Perhaps not surprising to most coffee drinkers, this beloved beverage is a remarkably valued food commodity ranking in the top 100 most traded commodities globally.
From 1970 to 2000 it was the second most valuable commodity exported by developing countries. Forecast worldwide production of coffee for 2019/2020 is a whopping 23.3 billion pounds! (10.6 billion kg).
And judging by current coffee consumption levels, that momentum continues to heat up. In fact, from its current 2019 level of $24.4 billion, the global coffee bean market value is projected to reach $30.2 billion by 2025!
In a separate post, we traveled through the counties and regions which produce this popular beverage, but what are the world’s top coffee consumption countries?
Many of us assume that the country we live in must be included on this list, considering that our relatives, friends, and neighbors mostly share our same coffee drinking habits. Plus, not a day seems to pass without a new coffee shop popping up nearby. Still, you might be surprised by the competition.
Here’s our list of the top 10 coffee consumption counties in the world:
10 – Canada
12.7 cups per week
14 pounds per person (6.5kg) or 658 cups/year
O Canada, how you love your coffee! As diverse as our list is, Canada can say they’re the only Non-European country in the Top 10 of coffee drinkers. So it’s hardly a surprise that their National Coffee Association named it, the most commonly consumed beverage.
9 – Luxembourg
12.8 cups per week
14.1 pounds per person (6.4kg) or 665 cups per year
Small in size, but massive in their love for coffee! This phrase can ideally describe our #9 on the list. Famous for having an assortment of options, from unique Espressos to artisan drinks served at the most exquisite coffee shops.
8 – Belgium
13.6 cups per week
15 pounds per person (6.8kg) or 705 cups per year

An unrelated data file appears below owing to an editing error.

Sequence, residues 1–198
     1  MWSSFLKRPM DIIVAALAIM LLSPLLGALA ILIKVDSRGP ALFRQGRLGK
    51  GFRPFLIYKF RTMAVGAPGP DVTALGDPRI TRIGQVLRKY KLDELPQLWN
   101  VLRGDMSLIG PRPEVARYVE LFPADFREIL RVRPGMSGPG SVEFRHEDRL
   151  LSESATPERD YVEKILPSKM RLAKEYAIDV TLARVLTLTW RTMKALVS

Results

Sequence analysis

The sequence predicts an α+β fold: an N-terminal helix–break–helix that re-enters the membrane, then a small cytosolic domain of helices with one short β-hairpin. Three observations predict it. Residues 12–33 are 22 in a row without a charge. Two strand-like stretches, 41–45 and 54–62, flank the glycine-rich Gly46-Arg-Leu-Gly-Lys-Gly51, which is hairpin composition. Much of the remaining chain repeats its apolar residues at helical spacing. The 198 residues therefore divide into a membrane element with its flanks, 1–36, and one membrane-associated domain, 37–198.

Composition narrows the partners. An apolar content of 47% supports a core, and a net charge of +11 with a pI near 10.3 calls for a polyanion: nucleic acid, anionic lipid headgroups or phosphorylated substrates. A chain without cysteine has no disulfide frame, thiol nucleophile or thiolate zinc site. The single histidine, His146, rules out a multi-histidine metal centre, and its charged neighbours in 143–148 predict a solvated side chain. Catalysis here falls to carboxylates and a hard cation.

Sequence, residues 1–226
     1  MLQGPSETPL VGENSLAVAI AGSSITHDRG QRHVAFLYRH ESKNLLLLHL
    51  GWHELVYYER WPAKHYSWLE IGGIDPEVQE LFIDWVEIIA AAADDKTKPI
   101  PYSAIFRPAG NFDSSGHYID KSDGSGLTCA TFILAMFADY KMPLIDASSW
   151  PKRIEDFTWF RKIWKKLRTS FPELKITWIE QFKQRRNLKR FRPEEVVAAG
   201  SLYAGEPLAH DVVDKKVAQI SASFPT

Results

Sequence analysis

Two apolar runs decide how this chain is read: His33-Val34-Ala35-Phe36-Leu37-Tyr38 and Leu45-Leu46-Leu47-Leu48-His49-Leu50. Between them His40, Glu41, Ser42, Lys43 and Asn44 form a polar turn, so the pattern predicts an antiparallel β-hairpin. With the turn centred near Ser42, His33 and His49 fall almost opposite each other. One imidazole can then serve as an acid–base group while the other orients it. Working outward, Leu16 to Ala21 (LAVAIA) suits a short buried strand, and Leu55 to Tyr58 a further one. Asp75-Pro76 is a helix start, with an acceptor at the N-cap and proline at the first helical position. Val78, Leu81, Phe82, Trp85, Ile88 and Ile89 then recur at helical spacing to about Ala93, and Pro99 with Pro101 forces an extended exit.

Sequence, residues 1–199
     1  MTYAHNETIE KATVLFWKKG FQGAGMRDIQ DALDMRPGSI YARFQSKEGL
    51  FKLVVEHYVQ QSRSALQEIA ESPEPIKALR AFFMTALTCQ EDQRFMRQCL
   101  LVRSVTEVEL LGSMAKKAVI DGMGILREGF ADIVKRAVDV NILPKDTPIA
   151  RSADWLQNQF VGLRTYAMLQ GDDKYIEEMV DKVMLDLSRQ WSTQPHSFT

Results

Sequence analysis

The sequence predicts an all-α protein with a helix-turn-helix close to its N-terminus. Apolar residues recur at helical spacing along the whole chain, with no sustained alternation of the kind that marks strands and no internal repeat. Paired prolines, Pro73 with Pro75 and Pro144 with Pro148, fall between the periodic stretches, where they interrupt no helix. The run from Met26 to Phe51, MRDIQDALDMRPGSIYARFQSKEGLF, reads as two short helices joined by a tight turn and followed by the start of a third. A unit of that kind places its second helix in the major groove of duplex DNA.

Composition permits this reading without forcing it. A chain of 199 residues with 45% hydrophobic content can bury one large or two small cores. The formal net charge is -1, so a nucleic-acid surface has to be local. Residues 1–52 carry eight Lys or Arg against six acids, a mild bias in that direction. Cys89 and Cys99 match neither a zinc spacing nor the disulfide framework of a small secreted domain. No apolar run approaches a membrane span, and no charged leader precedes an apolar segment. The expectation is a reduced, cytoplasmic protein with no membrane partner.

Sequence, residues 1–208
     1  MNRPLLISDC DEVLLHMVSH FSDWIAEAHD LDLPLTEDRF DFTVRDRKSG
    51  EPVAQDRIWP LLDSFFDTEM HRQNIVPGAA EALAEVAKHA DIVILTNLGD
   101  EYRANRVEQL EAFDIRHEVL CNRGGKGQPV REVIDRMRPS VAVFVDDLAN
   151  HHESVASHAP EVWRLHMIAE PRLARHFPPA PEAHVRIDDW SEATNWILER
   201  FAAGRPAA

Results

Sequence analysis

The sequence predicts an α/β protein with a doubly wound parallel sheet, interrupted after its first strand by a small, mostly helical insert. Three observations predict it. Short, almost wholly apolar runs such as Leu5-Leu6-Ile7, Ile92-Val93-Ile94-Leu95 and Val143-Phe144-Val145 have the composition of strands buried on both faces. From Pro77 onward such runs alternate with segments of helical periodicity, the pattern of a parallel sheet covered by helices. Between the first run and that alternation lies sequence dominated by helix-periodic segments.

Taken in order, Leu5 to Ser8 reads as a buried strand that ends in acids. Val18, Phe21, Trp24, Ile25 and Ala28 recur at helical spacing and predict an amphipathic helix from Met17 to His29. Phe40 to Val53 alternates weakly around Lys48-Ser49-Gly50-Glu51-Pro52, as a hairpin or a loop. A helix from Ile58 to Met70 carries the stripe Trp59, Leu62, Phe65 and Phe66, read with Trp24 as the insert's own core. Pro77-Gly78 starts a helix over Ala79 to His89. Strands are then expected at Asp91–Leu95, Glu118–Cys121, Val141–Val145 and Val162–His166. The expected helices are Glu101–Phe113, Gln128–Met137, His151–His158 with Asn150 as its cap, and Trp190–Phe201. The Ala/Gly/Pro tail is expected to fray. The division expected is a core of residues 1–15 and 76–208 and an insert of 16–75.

Belgium is internationally seen as a symbol of beer, waffles, and donuts (see where we’re going with this?), and what better way to enjoy these delights than with a nice, hot cup of coffee alongside? (Well, maybe not for beer.)
7 – Switzerland
15.8 cups per week
17 1/2 pounds per person (8kg) or 823 cups per year
The Swiss are passionate espresso drinkers, especially the caffè crema, which is the default type of black coffee served. It seems sharing a border with Italy has influenced their coffee preferences. Unlike the Nordic countries on this list, The Swiss are generally not fond of filtered style coffees.
6 – Sweden
16.3 cups per week
18 pounds per person (8.2kg) or 846 cups per year
Sweden took it to a whole new level: they have a concept named Fika, which is translated as; to have coffee. Fika can be at a social event, or during working hours, and as in many other countries, coffee houses abound.
5 – Netherlands
16.7 cups per week
18 1/2 pounds per person (8.4kg) or 870 cups per year
The Netherlands became one of the first nordic countries to embrace this revered beverage when Dutch merchants started shipping coffee plants from Yemen to Dutch colonies in the 17th century with the purpose of cultivation.
4 – Denmark
17.2 cups per week
19 pounds (8.7kg) or 893 cups per year
Like most Scandinavians, Danes have the tradition of serving coffee at every meal, accompanied by cakes, cookies, and small sandwiches during special occasions.
3 – Iceland
18 cups per week
20 pounds (9kg) or 940 cups per year
Icelandic culture includes offering a cup of coffee to visitors in what we might consider an invitation to make them feel comfortable and welcome. A curious fact is that coffee shop chains are not popular. Still, coffee houses have managed to supply the high daily demand of the treasured drink.
2 – Norway
19.8 cups per week
22 pounds (10kg) or 1034 cups per year
In this country, Kaffe is mostly accompanied by breakfast and pastries. Since coffee is a social drink, Norwegians usually invite people over to enjoy a cup of (or two), traditionally served with cakes or other refreshments.
1 – Finland
24.4 cups per person every week!
27 pounds (12kg) or 1269 cups per year
Finland takes the top spot on our list of coffee consumption countries worldwide.
It’s not uncommon at all to find these coffee drinkers to enjoy eight or nine cups a day!
Like other Scandinavian countries, coffee in Finland is almost always served with cake. In fact, there is even a Finnish word for coffee and cake…it’s kakkukahvi. When you’re there visiting someone’s home, even unannounced, you can expect a pot of coffee will be brewed up right away.